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Finding Zimbabweans in secret mass graves

20 Sep 2020 at 08:00hrs | Views
ONE of my earliest memories is of violence and death.

It happened in Harare in 1984 when I was about seven years old.

I was supposed to meet a friend to play at a dump site together.

He got there before me and started playing with what turned out to be a hand grenade.

The bomb exploded in his hands. He died. I was lucky to survive, but I have no doubt that the incident shaped who I was to become.

The device, from my understanding now, had been left by either Rhodesian soldiers or guerilla fighters during the war of liberation which raged between 1966 and 1979.

Death from grenades and landmines was commonplace in Zimbabwe during and after the struggle against colonial rule.

My next exposure to serious violence came when I joined the Zimbabwe Republic Police (ZRP) as a constable in 1998.

I was trained by former liberation war fighters and soldiers whom we suspected had been redeployed from the notorious 5th Brigade.

This army unit was responsible for the murder of thousands of ndebele-speaking people and supporters of the Zimbabwe African People's Union (Zapu) in the 1980s.

I joined the police partly due to the lack of employment opportunities and the influence from my stepfather, who was a police sergeant.

The police trainers would subject recruits like me to various forms of torture, including water boarding and battering the soles of our feet with rifle butts and sticks.

There were other "endurance exercises" that went way over the top. For example, recruits would be ordered to lie down and were forced to roll over repeatedly until we were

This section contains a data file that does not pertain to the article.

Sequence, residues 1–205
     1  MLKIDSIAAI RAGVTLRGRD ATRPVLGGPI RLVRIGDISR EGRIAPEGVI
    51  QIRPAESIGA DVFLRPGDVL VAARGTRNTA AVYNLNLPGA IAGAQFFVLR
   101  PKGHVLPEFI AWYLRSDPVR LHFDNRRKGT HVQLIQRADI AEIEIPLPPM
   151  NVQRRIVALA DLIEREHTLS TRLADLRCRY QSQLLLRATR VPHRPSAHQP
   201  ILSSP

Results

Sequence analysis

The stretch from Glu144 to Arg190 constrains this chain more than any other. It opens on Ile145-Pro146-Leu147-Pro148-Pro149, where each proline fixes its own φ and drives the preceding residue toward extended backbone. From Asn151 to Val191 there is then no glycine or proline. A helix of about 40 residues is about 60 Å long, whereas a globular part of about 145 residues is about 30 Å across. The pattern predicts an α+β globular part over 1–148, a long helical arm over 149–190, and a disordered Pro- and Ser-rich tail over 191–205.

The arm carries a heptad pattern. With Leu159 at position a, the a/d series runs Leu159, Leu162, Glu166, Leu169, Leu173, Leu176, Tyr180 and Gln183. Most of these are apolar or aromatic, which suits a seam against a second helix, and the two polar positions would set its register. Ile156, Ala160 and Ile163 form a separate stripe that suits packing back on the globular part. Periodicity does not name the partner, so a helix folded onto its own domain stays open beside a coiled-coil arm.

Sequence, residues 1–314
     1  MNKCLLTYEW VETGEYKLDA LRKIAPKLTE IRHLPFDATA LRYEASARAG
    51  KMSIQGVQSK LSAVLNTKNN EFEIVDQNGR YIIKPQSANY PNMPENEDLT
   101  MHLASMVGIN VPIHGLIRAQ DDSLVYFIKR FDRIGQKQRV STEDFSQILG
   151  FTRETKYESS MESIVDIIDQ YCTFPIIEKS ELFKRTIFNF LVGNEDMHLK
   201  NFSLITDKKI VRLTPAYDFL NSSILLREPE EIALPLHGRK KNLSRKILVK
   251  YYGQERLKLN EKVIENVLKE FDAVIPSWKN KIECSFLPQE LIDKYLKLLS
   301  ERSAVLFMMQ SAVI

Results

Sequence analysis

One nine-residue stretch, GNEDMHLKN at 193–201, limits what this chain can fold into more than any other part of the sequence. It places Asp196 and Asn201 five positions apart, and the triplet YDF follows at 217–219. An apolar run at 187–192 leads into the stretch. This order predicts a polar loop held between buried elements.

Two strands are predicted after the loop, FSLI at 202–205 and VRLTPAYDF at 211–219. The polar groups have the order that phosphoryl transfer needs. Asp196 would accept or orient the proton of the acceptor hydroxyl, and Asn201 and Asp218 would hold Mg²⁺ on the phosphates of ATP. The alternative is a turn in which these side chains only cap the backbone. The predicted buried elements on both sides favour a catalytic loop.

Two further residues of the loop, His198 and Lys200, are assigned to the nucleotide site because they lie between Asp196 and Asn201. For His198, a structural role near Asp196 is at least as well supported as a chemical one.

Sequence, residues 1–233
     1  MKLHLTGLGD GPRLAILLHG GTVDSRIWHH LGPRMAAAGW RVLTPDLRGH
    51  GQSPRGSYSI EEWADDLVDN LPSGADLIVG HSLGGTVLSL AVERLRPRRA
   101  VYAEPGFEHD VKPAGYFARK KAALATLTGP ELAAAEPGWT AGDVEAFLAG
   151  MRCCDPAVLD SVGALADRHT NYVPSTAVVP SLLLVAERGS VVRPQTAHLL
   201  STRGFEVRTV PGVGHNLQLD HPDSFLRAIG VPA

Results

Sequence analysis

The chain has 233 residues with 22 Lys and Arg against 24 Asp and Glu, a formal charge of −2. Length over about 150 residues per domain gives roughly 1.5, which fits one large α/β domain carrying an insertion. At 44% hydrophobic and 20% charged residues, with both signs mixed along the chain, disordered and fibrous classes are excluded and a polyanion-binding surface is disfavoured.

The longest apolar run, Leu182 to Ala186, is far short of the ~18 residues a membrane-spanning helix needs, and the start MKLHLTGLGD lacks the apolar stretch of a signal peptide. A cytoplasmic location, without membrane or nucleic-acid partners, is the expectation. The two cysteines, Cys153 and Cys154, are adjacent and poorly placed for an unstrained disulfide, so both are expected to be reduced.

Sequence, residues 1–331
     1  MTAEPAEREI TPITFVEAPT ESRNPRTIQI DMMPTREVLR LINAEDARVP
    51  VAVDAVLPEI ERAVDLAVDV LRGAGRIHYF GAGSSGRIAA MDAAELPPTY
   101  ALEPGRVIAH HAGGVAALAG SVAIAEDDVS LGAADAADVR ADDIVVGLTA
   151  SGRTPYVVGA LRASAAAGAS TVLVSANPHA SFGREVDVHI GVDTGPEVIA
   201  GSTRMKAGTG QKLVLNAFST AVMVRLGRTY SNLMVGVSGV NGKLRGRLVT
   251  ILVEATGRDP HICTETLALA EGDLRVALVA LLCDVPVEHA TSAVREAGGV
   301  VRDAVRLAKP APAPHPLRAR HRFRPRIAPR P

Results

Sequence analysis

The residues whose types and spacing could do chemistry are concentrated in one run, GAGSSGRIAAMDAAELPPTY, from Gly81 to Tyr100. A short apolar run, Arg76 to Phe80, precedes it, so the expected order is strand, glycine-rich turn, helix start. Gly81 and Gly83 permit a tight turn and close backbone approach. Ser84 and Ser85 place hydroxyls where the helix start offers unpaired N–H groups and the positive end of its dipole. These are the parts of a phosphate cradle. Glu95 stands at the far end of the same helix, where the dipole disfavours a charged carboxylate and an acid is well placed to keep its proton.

dizzy and throwing up.

Apparently, this was done to strengthen us - both physically and mentally - and to get rid of "civilian weaknesses", as one trainer put it.

I spent most of my post-probation period with the Police Protection Unit - the agency responsible for the protection of prominent state ministers, judges and other VIPs.

But I only really began to realise the extent of the systemic violence in my home country when I left Zimbabwe and started looking up texts, documentaries and meeting surviving victims of atrocities.

In the last 50 years, five main conflicts have taken place in Zimbabwe. The liberation war (1966-1979), political violence (1980-present day) and the Matabeleland democides (19811987) - this is also known as Gukurahundi, which is a Shona word meaning "early rain that washes the spring chaff ".

Finally, there were the violent farm invasions and the Marange diamond massacres.

Hundreds of thousands of people who were caught up in these conflicts have been killed and gone missing - their deaths covered up and shoved under the carpet by the state.
By 2005, I had joined the police in the UK.

But despite my new life, I couldn't stop thinking about how, when and where people were being kidnapped, killed and concealed back home.

This had a profound influence on what I chose to do with the next chapter of my life in academia and research.